As the best person for the job isn’t necessarily seeking a job, it can take great finesse and communication skills to connect with this person. Recruiters sell the company and the opportunity from the get-go. External recruiters work with a large variety of companies, so they don’t need to work for a company they don’t believe in. When they pitch an opportunity, they do because it is a win-win situation; a win for the company, a win for the candidate that they’ve identified as being the best match, and ultimately a win for the recruiting team.

When salary negotiations come into play, as they usually do, the recruiter can educate all parties about the numbers and trends for their industry and location. Recruiters study the job market and speak with hiring companies and employed professionals constantly. They have honed their corporate matchmaking skills, and ability to really understanding the client’s and the candidate’s needs, desires and abilities. They’ve developed mediation, negotiation, and communication skills that help parties achieve mutually winning solutions, save time and money by eliminating drawn out engagements, and spend their days ensuring that this is the right hire.

So when it comes time to embark on a recruiting effort for the next CTO, Account Executive, Product Lead, or Engineer think about what it takes to do your job and think about what it takes to do the job of a recruiter.  By doing what we do best, we’ll no doubt help you be the best at your job.  Leave the DIY for this weekend at home!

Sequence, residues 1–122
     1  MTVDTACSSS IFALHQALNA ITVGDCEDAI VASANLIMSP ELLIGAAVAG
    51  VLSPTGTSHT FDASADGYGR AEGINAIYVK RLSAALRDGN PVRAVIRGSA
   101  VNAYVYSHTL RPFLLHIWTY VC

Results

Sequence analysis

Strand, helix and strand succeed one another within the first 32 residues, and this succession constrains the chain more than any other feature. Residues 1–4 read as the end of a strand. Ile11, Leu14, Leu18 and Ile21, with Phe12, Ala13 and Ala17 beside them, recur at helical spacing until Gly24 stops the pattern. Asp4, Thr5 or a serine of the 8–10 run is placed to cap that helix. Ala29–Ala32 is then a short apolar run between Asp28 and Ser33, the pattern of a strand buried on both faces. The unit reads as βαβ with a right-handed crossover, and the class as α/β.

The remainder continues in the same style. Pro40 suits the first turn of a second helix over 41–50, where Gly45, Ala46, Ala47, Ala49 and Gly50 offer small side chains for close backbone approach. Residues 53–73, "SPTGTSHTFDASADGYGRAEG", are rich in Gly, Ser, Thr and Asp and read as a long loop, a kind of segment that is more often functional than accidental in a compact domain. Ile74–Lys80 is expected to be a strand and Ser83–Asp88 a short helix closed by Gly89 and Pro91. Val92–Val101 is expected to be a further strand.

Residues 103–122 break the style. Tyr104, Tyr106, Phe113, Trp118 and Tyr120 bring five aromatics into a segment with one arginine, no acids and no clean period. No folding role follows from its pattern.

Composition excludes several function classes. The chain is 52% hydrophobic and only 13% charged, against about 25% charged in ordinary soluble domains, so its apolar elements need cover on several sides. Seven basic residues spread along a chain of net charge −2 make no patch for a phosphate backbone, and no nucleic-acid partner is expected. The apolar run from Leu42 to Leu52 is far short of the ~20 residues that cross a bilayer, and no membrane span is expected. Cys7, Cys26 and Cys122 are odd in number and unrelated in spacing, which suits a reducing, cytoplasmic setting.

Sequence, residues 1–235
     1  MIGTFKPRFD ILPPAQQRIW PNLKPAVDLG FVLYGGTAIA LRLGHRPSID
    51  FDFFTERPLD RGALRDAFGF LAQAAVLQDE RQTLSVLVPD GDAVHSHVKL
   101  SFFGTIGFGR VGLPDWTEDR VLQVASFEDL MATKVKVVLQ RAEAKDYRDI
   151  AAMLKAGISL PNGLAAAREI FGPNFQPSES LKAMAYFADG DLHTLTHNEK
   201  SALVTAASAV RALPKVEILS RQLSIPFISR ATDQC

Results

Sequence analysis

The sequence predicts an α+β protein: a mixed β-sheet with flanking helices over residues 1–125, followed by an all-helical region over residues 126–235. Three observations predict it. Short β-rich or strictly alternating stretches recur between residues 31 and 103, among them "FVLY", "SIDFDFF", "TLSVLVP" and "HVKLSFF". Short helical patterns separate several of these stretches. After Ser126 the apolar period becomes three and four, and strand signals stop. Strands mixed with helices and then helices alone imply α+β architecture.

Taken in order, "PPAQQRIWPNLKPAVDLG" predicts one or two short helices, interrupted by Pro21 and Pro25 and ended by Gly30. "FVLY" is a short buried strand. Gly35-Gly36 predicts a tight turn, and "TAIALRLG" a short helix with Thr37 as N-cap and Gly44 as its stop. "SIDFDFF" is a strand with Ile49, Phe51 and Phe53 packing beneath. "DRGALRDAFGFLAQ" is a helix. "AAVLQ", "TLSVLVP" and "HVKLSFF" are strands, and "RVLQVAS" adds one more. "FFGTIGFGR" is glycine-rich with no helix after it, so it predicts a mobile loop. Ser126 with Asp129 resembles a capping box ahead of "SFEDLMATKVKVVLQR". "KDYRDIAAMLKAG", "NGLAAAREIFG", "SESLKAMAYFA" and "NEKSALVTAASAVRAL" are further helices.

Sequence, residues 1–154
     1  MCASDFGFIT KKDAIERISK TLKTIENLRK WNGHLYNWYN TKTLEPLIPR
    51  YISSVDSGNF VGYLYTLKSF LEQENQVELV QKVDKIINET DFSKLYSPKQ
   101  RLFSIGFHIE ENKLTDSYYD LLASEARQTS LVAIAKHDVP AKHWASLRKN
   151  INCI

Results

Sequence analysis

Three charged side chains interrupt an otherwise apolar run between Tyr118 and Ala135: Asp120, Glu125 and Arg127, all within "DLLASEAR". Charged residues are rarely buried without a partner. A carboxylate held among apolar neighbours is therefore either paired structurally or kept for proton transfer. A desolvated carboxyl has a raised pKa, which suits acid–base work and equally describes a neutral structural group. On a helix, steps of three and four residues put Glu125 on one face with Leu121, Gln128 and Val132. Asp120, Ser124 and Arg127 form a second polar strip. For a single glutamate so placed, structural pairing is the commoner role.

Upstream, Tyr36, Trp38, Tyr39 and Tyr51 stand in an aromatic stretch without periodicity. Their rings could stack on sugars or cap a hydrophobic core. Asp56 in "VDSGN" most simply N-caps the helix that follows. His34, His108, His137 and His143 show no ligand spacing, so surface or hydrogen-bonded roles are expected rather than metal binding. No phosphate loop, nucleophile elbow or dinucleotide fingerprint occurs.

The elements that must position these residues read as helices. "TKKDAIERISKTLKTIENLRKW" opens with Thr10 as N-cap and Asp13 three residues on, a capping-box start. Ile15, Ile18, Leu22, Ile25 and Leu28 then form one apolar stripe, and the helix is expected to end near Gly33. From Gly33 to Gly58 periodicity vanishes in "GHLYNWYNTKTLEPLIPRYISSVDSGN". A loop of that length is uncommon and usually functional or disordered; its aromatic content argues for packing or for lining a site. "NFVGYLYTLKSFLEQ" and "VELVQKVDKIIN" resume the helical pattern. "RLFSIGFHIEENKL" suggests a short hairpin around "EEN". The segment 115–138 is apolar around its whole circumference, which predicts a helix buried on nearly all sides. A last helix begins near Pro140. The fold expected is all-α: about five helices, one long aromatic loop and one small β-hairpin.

About the author:

Ryan Thomson is an Executive Recruiter in the Clean Tech Recruitment Division at Redfish Technology. Ryan applies his technical electronics and building background to green tech and alternative energy recruiting. He is enthusiastic and dedicated to finding a great fit between promising clean tech employers and talented candidate.

Connect with Ryan on LinkedIn.

 

 

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  1. [...] When helping new clients on their hiring priorities, I encounter a common thread that some think recruiting fees are costly and somehow easy to earn. Recruiting fees are typically a percentage of the first year’s salary, and yes, that can amount to a large figure when hiring executives and top performers. During a recent webinar on Closing Candidates in a Hot Market, an attendee asked “Why should I use a recruiter, they seem expensive for a job I can do on my own.” Read Ryan’s article. [...]

    Pingback by January 2012 Newsletter - Hot Off the Presses | Catch of the Day — January 12, 2012 @ 3:14 PM